Special Curves: Definition, Examples

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What are Special Curves?

Special curves are any curves with well know properties. Loosely speaking, they are “interesting” for one reason or another [1]. Special curves range from the fairly simple (circles, ellipses, and hyperbolas) to the relatively complex (algebraic curves, butterfly curves, and the Peano curve). They have a multitude of possible features (they aren’t necessarily “curved”) like straight lines, cusps, and singularities.

Many ancient curves are special, including Cissoid of Diocles, Conchoid of Nicomedes, and Quadratix of Hippias.

quadratic special curves
The quadratix of Hippias is a special curve created by a uniform motion.

There are a plethora of modern special curves, and new ones are being discovered all the time… sometimes in different dimensions; For example the Smarandache curve is a complicated curve defined in space-time by Tugut & Yilmaz in 2008 [2].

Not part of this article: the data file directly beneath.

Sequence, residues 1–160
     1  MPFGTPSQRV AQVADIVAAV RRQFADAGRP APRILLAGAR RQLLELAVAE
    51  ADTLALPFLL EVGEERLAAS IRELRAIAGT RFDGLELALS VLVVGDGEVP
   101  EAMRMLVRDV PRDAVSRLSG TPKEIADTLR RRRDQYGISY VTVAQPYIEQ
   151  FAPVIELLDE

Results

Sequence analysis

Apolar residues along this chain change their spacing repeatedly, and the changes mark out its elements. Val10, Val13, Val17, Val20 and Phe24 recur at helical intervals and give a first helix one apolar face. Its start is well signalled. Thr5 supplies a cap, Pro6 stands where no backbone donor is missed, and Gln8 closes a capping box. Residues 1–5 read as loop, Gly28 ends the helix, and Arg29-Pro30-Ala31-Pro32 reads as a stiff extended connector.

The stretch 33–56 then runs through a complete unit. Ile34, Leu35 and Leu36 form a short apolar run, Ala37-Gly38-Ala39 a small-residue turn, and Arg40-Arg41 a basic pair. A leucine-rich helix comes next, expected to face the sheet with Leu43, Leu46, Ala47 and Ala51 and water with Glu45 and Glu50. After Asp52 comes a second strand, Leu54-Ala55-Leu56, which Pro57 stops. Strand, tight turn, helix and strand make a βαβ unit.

Coordinate Systems for Special Curves

The three most popular choices for coordinate systems are parametric, Cartesian, and Polar. Three other systems that are sometimes used are pedal coordinates, intrinsic coordinates, and the bipolar coordinate system.

Many times, you have a choice of coordinate systems for special curves. Which one you choose largely depends on which coordinate system you’re comfortable using and what exactly it is you are trying to do. Each of the different systems has unique advantages. For example, curve tracing and finding derivatives are possible in the parametric system, while you can find a slope and perform translations easily in the Cartesian system.

According to Lawrence [1], you simply may want to choose the coordinate system that simplifies the equation. That way you can avoid getting lost in the algebraic manipulations.


[1] Lawrence (1972). A catalog of special plane curves. Dover Publications.
[2] [6] Turgut, M., Yilmaz, S., Smarandache Curves in Minkowski Space-time, Int. J. Math. Comb., 3, 2008, 51{55.

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